As these platforms grew, they paid closer attention to their littlest viewers. They knew if children were the future, they were also the future of TV. Disney announced it would launch a streaming service for kids and families in 2019. Netflix and Amazon added more programming for young viewers. YouTube grew its two-year old app for kids. And even HBO, which trumpets sex, violence, and profanity-laden shows like The Sopranos, The Deuce, and Game of Thrones, started airing the wholesome kids classic Sesame Street.
In many ways, it’s great for parents. These services are cheaper than cable or satellite TV, and in some cases, they’re free. They have endless hours of quality, family-friendly programming to keep kids occupied. Parental controls make it easier to sit kids in front of the TV without worrying about what they might stumble upon. And some of these services offer a reprieve from the commercials that dominate TV.
But there’s a dark side that became more apparent in 2017.
Most alarmingly, the New York Times revealed (paywall) in November that YouTube videos of popular children’s characters, like Elsa from Frozen and Marvel’s Spider-Man, dying tragically, urinating on one another, or doing other inappropriate and disturbing things were finding their way into YouTube Kids—the app that was supposed to be safer for children.
In light of the discovery, YouTube hired more humans to manually review the videos. It began age-restricting flagged videos on the main YouTube site that appeared as family content but contained adult themes, so that only people over 18 could view them. This automatically prohibits them from appearing on YouTube Kids. It began removing ads from and blocking inappropriate comments on videos that appeared to abuse the platform or exploit children. It will also be issuing guidelines for creators of children’s contents, among other efforts.
It was too little too late for some parents.
The kids app is populated by videos submitted to the main YouTube site that have been filtered by algorithms and machine learning and deemed kid friendly. The platform, which has been around since 2015, warns parents that it does not manually check every video and that “it’s possible your child may find something you don’t want them to watch” at signup. It relies on users—especially parents—to report videos they find inappropriate. Real people at YouTube then manually review the videos. Less than .005 % of the millions of videos viewed in the app were removed for being inappropriate in the 30 days ahead of the Times Nov. 4 exposé, the publication reported. The company has not updated this stat since.
It also has parental controls where parents can create individual profiles for their children that will filter content based on their ages. Parents can disable search, block channels and videos, set timers for how long each child can watch, and stop the app from using viewing and search history to recommend videos.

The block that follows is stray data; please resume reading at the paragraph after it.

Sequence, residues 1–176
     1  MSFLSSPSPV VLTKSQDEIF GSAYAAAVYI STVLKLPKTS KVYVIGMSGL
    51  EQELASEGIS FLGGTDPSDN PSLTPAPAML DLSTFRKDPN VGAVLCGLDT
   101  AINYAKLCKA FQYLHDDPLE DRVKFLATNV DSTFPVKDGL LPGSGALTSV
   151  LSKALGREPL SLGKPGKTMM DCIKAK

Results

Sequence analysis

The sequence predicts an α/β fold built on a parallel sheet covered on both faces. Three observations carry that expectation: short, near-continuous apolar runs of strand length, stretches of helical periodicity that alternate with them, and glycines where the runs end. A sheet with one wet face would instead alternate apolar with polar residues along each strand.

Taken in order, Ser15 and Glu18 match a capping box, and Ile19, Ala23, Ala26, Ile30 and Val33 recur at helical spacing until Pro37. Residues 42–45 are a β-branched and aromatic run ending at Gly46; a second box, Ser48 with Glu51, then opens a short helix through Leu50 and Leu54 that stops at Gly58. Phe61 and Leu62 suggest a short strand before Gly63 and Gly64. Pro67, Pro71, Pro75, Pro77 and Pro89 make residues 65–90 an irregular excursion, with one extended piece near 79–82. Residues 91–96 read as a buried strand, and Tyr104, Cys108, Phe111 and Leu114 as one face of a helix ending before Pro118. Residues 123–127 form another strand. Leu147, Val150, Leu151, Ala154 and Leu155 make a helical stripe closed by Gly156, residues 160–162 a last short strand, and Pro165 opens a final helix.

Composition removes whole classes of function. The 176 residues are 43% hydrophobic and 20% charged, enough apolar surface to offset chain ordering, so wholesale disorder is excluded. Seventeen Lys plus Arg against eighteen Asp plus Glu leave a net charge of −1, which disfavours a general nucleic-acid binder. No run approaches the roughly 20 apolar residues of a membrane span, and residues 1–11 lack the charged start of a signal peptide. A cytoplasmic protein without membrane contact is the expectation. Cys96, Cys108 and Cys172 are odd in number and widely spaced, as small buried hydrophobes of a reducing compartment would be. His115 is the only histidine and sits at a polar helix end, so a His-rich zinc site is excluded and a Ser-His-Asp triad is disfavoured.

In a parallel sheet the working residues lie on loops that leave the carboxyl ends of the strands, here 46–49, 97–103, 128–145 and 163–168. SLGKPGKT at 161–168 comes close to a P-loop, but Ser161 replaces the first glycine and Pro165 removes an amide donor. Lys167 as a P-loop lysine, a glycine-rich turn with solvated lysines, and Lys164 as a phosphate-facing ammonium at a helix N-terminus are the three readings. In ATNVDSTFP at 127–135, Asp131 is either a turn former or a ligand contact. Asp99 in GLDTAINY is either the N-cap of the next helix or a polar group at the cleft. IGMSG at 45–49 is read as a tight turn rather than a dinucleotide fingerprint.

“Our team is made up of parents who are deeply committed to bringing enriching and entertaining content to families around the world,” a YouTube spokesperson told Quartz. “We use a combination of machine learning, algorithms, and community flagging to determine content in the YouTube Kids app. We’re committed to getting this right and are increasing resources to make the app better for families every day.”
But some family advocates argue the whole approach is flawed. Some kids may be watching on handheld tablets or smartphones that make it harder for parents to police minute by minute. Children can’t be relied on to report the videos themselves. And YouTube is operating on too big a scale to catch every inappropriate video that may slip through.
A whopping 400 hours of video are reportedly uploaded to the main YouTube site every minute, and can be from anyone, including the average person with a camera and internet access. Since launch, the YouTube Kids app has had more than 70 billion views and over 11 million weekly active viewers.
“Community flagging doesn’t work when it comes to children,” said Josh Golin, executive director of the Campaign for a Commercial Free Childhood, which has filed complaints with Federal Trade Commission about YouTube Kids. He argues that the videos should be curated by humans. “Let’s change what YouTube Kids is. … The platforms that are safer are going to the be ones with many fewer videos. Kids don’t need 20,000 surprise egg videos anyway.”
Golin was referring to the trope of videos featuring people opening foil-wrapped Kinder eggs with surprise toys inside. They’re similar to the “unboxing” videos of kids and adults opening up and playing with the latest toys that have become a pain point for parents, whose children then beg them for said toys. Some parents only let their kids watch YouTube with supervision because of this kind of content.
“I won’t let her watch YouTube Kids alone because the content can be bizarre,” said Tara Laishley, a US mother with an 8-year-old daughter. “She also likes watching ‘unboxing’ of toys and kids playing with dolls. I don’t get it.”
Some of that “bizarre” content might include videos of adults acting like children, or weird, unofficial mashups of popular children’s characters, as detailed in a Medium post in November. They’re not inappropriate. But they aren’t necessarily what parents want their kids watching either.